Victories in civil wars are usually pyrrhic and there exists no ‘good’ side.
Samanth Subramanian’s This Divided Island on Sri Lanka’s recently concluded civil war portrays several people in the aftermath of the war and describes how their lives have been irreparably affected by this war. As Sarah Farooqui in her review of the book states, “In a country divided between majoritarianism, ruthless bigotry, savage revolutionaries, and fundamentalists of ideology, religion and causes, the violence and its consequences are brutal and condemned. However, who is right and who is wrong is never defined”. The most poignant stories are of those that have been caught between the two sides in the war – those that have been persecuted by the Sinhalese on account of being Tamils, and those persecuted by the LTTE on account of being the “Sinhalese sympathisers”.
Another book that needs to be mentioned in this context is Sid Lowe’s Fear and Loathing in La Liga. This book is ostensibly about the historical rivalry between the two great Spanish football clubs – Real Madrid and FC Barcelona, but has more than its share of description of Spain’s history through the 20th century, and how that has shaped the rivalry between the two football clubs. Lowe, who is the Guardian’s Spanish football correspondent based in Madrid, begins his story with the Spanish Civil War (there was no rivalry between the clubs prior to that), and with Barcelona’s long-standing claim that Real Madrid was “Franco’s team”. Lowe uses the book to demolish the claim that Madrid sided with Franco during the civil war, showing that Madrid was the last Spanish city to fall to Franco’s nationalist forces (a few weeks after Barcelona, and the fall of Madrid ended the war), and that Real Madrid’s president at the time was actually a Republican (a supporter of the incumbent government, which was part of Spain’s “second republic”) who was sentenced to life imprisonment after the war.
While the Spanish Civil War was fought between the Republican government and the Nationalist troops led by Franco, it must be noted that the Republican government was a leftist coalition, which included Socialists and Communist parties, and the Republican side in the war received extensive assistance from Soviet Russia. On the other side, the Nationalists received extensive support from Benito Mussolini and Adolf Hitler. Interestingly, after the war, Franco even changed Spain’s time zone to match that of Germany and Italy, as a tacit acknowledgement of their support during the war.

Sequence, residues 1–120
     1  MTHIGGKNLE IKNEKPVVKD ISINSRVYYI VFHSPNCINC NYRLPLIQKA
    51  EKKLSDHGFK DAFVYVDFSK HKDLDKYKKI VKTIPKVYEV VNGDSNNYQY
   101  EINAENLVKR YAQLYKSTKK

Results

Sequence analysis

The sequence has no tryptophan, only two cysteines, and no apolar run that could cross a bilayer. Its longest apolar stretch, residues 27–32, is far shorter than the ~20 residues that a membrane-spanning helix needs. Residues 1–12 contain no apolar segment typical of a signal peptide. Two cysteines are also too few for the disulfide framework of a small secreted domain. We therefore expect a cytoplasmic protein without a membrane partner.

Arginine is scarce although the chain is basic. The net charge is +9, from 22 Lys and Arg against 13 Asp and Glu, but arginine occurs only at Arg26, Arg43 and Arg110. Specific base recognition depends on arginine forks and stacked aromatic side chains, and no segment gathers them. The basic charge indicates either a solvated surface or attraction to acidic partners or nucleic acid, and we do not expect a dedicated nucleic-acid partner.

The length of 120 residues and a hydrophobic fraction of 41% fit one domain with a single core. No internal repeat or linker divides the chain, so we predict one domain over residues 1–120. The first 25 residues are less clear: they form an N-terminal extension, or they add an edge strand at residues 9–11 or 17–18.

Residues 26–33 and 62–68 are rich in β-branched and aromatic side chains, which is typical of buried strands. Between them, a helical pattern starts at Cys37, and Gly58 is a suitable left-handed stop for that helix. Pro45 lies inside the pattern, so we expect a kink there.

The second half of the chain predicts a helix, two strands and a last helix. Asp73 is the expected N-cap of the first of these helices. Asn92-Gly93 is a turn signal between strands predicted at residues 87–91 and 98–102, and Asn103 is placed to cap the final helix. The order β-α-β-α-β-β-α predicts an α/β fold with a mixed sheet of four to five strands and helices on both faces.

One of the interesting early events mentioned in the book was the “auto-incautación” or “self-collectivisation” by Barcelona and Real Madrid. The CNT-FAI, the anarchist trade union approached FC Barcelona and demanded that the stadium be handed over “in the name of the revolution and the fight against fascism”. The ultras had already managed to take over other clubs such as Espanyol (also based in Barcelona) and collectivised them.What saved the club was quick thinking by the stadium caretaker Manel Torres and masseur Angel Mur. They bought time from the militia and as Lowe describes it, “Sixteen employees formed a workers’ committee affiliated to the Socialist union UGT, which included Torres, Calvet and Mur, the caretaker at the stadium and at the club’s offices, the accountant, office staff and the kit man. The committee then announced confiscation of the club by the UGT, i.e. themselves, thus effectively short-circuiting the CNT-FAI”. The story at Real Madrid was not dissimilar.